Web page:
The local mosquito control agency says it has seen the first Sonoma County birds infected with West Nile virus this year.

The Marin/Sonoma Mosquito and Vector Control District confirmed Monday that two crows from Santa Rosa and one barn owl found in Cotati have tested positive for the virus.

Two birds in Marin County tested positive earlier this year, one each in May and June, spokeswoman Nizza Sequeria said.

By this time last year, no birds had tested positive in either county, though that is not necessarily an indication that this will be a worse year for the virus, she said.

Nearby Napa County has reported no cases this year, said Wes Maffei, manager of the Napa County Mosquito Abatement District.

Most cases of West Nile virus in humans are reported in the late summer and early fall, he said, though infection can occur during any of the warm months when mosquitoes are active.

West Nile virus is not usually serious in humans; the Centers for Disease Control reports that only about 20 percent of those infected will show any symptoms, usually a mild flu-like illness.

In about 1 percent of cases, however, the virus can turn dangerous, causing a severe, even fatal, neurological illness. That has led health officials to keep a close eye on the virus, which has been found in 19 states so far this year.

There have been 14 reported cases of the virus in humans this year in California, including two deaths, according to the California Department of Public Health Services. The deaths were reported in Sacramento and Los Angeles counties.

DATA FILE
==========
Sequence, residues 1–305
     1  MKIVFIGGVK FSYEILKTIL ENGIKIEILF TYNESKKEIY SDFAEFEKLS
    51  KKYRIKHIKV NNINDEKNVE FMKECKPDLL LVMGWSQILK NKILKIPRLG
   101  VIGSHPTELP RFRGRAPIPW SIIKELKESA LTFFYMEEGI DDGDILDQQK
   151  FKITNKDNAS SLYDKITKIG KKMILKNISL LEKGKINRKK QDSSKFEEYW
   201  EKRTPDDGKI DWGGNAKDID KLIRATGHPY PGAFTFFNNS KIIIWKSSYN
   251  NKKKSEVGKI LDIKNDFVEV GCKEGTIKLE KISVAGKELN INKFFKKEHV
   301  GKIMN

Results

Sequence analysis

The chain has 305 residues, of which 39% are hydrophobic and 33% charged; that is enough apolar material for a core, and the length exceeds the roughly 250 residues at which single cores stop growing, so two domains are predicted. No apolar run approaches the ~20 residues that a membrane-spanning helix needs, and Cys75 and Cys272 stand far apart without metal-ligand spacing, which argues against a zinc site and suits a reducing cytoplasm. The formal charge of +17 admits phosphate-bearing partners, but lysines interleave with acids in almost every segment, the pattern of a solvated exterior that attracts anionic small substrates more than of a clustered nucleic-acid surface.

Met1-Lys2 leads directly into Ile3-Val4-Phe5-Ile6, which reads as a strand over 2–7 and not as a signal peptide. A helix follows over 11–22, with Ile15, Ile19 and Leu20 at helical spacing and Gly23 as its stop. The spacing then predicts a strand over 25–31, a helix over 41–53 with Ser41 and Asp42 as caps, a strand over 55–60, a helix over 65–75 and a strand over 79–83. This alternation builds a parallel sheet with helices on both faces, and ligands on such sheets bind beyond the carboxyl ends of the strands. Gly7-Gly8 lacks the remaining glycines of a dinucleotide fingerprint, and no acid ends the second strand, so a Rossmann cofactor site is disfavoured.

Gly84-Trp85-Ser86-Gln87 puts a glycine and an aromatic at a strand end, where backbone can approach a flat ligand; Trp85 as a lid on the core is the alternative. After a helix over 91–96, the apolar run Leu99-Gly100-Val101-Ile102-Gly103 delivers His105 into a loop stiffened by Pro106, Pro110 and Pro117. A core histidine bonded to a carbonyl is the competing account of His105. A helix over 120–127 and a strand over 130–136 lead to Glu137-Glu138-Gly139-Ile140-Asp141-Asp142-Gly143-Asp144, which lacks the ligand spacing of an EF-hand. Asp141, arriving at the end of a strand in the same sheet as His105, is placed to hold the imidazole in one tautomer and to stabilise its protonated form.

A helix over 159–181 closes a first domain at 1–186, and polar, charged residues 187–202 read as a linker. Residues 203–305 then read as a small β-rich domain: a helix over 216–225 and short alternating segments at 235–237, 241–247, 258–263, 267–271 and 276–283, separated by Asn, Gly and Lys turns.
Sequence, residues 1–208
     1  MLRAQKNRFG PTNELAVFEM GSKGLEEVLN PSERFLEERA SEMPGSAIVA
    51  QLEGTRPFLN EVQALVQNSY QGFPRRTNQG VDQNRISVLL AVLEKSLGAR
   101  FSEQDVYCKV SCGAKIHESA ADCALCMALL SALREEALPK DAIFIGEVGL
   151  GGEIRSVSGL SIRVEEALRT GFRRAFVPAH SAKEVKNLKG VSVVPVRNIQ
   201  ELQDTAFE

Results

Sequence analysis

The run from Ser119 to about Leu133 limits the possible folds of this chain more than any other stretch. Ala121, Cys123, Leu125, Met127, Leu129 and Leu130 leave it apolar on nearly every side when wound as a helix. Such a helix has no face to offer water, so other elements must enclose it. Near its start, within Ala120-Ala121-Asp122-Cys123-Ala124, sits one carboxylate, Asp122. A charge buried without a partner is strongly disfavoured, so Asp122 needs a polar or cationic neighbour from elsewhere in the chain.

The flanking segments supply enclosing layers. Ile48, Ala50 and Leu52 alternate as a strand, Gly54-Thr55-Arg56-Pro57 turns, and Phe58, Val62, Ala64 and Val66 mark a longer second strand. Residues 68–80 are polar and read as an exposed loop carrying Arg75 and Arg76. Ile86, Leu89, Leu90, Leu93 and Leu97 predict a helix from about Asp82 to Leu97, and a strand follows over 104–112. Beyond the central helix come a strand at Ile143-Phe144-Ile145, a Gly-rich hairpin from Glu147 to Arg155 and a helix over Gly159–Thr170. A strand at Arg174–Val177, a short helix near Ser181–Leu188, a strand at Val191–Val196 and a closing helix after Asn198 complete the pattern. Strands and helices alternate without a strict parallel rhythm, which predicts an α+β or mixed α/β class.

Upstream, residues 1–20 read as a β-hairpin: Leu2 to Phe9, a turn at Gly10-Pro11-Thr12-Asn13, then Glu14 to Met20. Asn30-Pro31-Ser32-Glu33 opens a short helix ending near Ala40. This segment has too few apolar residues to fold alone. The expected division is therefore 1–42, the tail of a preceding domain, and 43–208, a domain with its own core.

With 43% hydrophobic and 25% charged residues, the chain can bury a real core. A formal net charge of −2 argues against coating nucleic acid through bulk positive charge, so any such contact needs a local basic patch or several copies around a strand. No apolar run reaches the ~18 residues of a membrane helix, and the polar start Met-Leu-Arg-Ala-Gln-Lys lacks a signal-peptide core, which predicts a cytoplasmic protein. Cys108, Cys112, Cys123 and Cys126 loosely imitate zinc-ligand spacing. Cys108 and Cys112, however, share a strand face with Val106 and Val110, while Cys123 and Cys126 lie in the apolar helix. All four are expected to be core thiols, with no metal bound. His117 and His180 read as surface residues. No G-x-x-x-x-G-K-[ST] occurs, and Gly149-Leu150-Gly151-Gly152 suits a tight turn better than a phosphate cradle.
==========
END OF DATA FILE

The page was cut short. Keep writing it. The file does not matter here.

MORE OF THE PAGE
The virus is transmitted to humans by certain types of mosquitoes. Birds are a good indicator of the presence of the virus, since the virus transmits back and forth with them and mosquitoes.

Sequeria said residents should not be complacent because this has been a cool, dry year, which would seem to be unfavorable for mosquitoes. The insects are quick to take advantage of even small puddles of standing water. Even old, unsealed or cracking septic tanks provide good habitat.

"Mosquitoes are very opportunistic," she said.

The district has treated the Laguna de Santa Rosa with insecticides twice this year since its slow-moving waters provide good breeding grounds for mosquitoes, she said, but mosquitoes can breed almost anywhere there is standing water.

Health officials encourage homeowners to eliminate breeding grounds for mosquitoes by emptying containers that hold water for longer than about five days, such as buckets, old fountains and discarded tires.

They also encourage people to reduce their exposure to mosquitoes by limiting activity at dawn and dusk, when the insects are most active, wearing protective clothing or insect repellent when outside, and keeping screens on windows to keep the insects from coming indoors.

They also ask residents to report dead birds to the local mosquito control district so the bodies can be tested for the virus.

For information on the virus or to report dead birds, call (877) WNV-BIRD (968-2473) or

You can reach Staff Writer Sean Scully at 521-5313 or